In 1970, the UN General Assembly adopted the Declaration on Principles of International Law Concerning Friendly Relations and Cooperation among States which stated that the fundamental rights and duties of states included a "duty to refrain from acts of reprisal involving the use of force" against other states. In 1994, the UN International Court of Justice in its advisory opinion on the Legality of Threat or Use of Nuclear Weapons declared that armed reprisals in time of peace are unlawful. Similar reasoning has been followed in later cases.

The message for Assad and his allies is that he can continue to slaughter his own citizens - just don't use chemical weapons when doing so.

The US has played fast and loose with principles of international law when seeking to take military action and resort to the use force outside the framework of the UN Charter. Even Obama linked US military action to national security when he sought Congressional approval for strikes in Syria following the 2013 chemical weapons attacks by the Assad regime (such approval was denied at the time).

The UK has sought to justify the action on the basis of humanitarian intervention. This does not stand up to scrutiny and the estimated deaths of half a million Syrians since the conflict began, in addition to the millions displaced, demonstrate the fallacy of this argument. The true motives behind so-called humanitarian interventions in the past were exposed by the International Commission on Intervention and State Sovereignty (ICISS), set up by the Canadian Government, which at the end of 2001 issued a report entitled The Responsibility to Protect

Iran has called the attack by the US, France and the UK a "tripartite aggression", in what appears to be a reference to the British, French and Israeli aggression against Egypt during the Suez crisis in 1956 (when the US stepped in to prevent the situation escalating).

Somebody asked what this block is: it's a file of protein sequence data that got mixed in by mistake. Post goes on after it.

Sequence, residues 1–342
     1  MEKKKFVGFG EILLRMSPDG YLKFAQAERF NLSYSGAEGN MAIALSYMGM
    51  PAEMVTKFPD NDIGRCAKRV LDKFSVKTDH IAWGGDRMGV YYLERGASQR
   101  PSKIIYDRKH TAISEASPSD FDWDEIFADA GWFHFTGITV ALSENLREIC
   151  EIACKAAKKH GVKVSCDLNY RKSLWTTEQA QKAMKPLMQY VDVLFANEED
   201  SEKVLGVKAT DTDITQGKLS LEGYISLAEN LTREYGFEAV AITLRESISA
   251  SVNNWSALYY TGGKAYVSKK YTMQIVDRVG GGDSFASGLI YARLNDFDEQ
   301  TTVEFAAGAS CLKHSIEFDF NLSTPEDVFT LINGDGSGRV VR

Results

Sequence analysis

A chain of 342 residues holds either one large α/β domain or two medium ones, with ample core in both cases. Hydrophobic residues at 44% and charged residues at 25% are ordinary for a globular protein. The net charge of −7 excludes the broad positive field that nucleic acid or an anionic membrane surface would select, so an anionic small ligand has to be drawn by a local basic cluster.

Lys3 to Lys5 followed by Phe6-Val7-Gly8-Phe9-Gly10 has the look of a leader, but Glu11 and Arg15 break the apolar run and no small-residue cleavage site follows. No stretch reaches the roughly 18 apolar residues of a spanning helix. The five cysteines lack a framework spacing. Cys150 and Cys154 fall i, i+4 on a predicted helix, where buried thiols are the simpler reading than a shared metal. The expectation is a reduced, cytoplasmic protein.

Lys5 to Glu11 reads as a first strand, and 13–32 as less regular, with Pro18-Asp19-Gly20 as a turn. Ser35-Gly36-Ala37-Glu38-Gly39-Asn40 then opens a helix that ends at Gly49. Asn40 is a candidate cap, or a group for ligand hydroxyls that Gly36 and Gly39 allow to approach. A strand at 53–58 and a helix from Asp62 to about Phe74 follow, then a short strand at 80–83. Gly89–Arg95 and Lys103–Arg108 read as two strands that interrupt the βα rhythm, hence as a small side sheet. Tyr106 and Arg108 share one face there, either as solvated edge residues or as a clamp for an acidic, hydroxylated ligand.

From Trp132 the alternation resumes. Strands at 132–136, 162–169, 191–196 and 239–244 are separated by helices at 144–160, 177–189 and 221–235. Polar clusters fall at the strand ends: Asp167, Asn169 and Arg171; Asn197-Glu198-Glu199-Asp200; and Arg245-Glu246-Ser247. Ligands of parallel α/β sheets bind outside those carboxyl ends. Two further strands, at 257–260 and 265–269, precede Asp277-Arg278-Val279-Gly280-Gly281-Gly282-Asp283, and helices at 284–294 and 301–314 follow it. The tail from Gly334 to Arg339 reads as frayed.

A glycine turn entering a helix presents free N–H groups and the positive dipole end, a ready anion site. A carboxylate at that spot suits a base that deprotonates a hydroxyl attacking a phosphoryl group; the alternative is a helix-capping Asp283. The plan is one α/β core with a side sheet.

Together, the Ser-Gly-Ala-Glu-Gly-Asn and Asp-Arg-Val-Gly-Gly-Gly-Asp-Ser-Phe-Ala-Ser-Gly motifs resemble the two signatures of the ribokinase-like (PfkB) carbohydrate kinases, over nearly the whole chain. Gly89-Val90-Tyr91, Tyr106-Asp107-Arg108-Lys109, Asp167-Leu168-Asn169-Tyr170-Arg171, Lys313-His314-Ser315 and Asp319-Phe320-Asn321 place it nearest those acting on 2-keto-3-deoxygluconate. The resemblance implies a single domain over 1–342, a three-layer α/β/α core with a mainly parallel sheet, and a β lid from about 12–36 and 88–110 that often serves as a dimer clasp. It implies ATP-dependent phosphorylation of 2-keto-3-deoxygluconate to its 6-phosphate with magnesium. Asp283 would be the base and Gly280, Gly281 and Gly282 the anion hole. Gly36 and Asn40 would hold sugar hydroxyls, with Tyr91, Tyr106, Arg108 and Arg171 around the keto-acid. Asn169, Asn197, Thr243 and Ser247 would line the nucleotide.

From RTÉ Radio One's This Week, Middle East Institute's Rana Slim discusses the impact of strikes by the US and its allies on Syria

America has its nuclear and conventional weapons arsenal to rely on to enforce its will and it does not feel that it needs the protection of international law. Ireland and similar countries must always rely on these principles and should not be afraid to speak out when they are violated.

The best one can say for now it that the air strikes could have been worse. The attack appeared to be carried out in a manner that sought to avoid direct confrontation with Russia and, according to the US and UK, to prevent civilian casualties. Right now, we just have allegations and counter claims, with the truth somewhere in between. Why Russia opposed an independent investigation and why the investigation under way was not given time to make a preliminary finding before the attack was launched can only be surmised. 

The failure to wait for the results of the investigation by the Organisation for the Prohibition of Chemical Weapons is deeply troubling. The clear lesson is that international law counts for little when it gets in the way of the major powers. The message for Assad and his allies is that he can continue to slaughter his own citizens - just don't use chemical weapons when doing so.


The views expressed here are those of the author and do not represent or reflect the views of RTÉ